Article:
Again, it's a pity. If SE provided the platform for it, the SO top-users could collaboratively create exceptional content that doesn't exist anywhere else on the web. Also, I think that this content could exist on the current platform, if the SE management recognized its status. –  Šime Vidas Sep 9 '12 at 18:26
1  
@ŠimeVidas - It's been tried before, and it didn't work out very well. I'm also not sure how valuable such a question would be because it doesn't solve a specific problem. The last thing I want to do as a person searching for a solution is search a really long list to try to find my answer. 95% of the time when I click an SO link, the answer to my problem is right at the top of the page. Take a look at my suggestion below, I still think you can solve this problem and get input from top users in the JavaScript tag. –  jmort253 Sep 9 '12 at 18:28
    
@jmort253 Unfortunately, not all top-users do chat. However, the JS room still is pretty lively, so it's doable. –  Šime Vidas Sep 9 '12 at 18:45
add comment

While it's true that such a list would not fit the goals of the Stack Overflow engine, as list and polls are not constructive, there's nothing stopping you from putting up such a list on your own server or a third-party wiki and then using the SE Chat to get more input from the community.

Chat on Stack Overflow is a very powerful tool, and the rules for what one can do are highly relaxed in chat.

Once you have put such a list together, that link could be used as a reference link in answers to questions where the problem is an undefined variable. Just be sure the link isn't the only part of the answer, as there should be a summary as well or an example of how to fix the problem in the actual body of the answer, just in case the link were to ever break.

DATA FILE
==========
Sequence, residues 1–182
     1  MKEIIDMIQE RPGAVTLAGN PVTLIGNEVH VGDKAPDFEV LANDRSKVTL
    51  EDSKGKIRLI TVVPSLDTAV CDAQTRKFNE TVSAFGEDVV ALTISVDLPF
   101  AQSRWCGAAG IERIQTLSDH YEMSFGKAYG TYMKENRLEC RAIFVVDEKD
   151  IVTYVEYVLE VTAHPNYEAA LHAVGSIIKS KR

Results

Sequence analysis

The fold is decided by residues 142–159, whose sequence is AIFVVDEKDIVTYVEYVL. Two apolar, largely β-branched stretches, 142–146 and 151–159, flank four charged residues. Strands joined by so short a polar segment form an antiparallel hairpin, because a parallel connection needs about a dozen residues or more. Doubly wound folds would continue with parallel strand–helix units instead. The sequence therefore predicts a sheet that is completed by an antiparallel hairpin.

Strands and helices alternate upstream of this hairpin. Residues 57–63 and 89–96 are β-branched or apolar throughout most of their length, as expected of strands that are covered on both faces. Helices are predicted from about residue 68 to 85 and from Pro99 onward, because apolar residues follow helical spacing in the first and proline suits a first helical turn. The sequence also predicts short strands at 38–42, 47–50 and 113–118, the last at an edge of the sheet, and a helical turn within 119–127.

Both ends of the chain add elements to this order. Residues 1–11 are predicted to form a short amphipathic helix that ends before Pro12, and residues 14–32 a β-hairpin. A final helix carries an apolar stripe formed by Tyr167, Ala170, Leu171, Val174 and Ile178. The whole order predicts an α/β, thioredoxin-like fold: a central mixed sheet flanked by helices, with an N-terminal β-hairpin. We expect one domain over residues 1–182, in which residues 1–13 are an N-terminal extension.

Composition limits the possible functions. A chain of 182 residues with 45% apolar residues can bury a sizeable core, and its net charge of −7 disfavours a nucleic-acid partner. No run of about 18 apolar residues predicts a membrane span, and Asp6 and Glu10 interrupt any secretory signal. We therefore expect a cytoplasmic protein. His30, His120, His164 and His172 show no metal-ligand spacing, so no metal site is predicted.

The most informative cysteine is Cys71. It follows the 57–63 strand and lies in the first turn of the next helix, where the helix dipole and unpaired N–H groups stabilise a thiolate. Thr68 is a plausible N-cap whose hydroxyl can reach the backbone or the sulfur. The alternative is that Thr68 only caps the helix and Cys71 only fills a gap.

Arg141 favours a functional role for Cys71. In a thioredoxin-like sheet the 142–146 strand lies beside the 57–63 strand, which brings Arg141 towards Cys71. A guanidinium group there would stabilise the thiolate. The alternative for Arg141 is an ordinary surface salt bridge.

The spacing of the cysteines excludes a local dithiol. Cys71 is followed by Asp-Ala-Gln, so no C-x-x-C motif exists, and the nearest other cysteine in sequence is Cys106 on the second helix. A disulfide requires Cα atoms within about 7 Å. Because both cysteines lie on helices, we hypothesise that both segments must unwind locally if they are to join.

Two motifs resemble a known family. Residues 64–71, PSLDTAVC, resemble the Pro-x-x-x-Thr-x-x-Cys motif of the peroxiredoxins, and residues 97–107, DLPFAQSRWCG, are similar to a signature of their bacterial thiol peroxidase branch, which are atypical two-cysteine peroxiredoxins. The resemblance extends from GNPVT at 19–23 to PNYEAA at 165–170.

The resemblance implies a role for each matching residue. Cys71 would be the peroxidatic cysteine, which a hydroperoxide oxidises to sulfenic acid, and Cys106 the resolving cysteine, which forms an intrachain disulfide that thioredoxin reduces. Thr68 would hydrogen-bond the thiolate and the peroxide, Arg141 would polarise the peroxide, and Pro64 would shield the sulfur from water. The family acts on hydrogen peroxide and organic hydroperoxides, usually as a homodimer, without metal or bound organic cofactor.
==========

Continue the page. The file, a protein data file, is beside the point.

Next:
You could also add that linked resource in the JavaScript Tag Wiki, which would be a great place to keep the link.

With that said, Nicol is absolutely right. These types of questions were overlooked in the early days, and they resulted in too much noise to actually be valuable on this platform. That's not to say such a list wouldn't be valuable, it's just that Stack Overflow was not built to handle this type of material. Hope this helps solve your dilemma! I'm looking forward to seeing if this works for you.

share|improve this answer
    
That would work, but it wouldn't be nearly as effective as creating a real SO question (which is why I'm attracted to SO, in the first place). What I'd like to see is, that the SE platform be a bit more flexible in regard to this kind of content. For instance, I'm a high-rep user, and I also have a JavaScript gold badge. Those two things should ensure that the JS-related list-question I would create, would not be noise. One could even further restrict it to one such list-type question per month, for instance. –  Šime Vidas Sep 9 '12 at 18:43
1  
It's not that it would be noise because we don't trust you or because you don't have enough rep, but because lists tend to get long, which means that if I'm looking for a specific solution to a problem I'm facing, I have a lot of stuff to look through that's just irrelevant noise to me. It doesn't solve my problem. In fact, what you're proposing isn't a problem at all, but a list. There is more information on the blog post Real Questions Have Answers. If you try the chat route, good luck! It's your best bet at this time. :) –  jmort253 Sep 9 '12 at 19:18
1  
@ŠimeVidas The way I would do it: Create a github repo, seed it with the initial content and then ask the JS chat room to review it and help. When it reached a point that it'd be presentable, I'd link to the repository (or a prettified version of) from the JS tag wiki. See for example this lovely reference: codeguy/php-the-right-way - prettified version –  Yannis Sep 10 '12 at 1:53
add comment

You must log in to answer this question.

Not the answer you're looking for? Browse other questions tagged .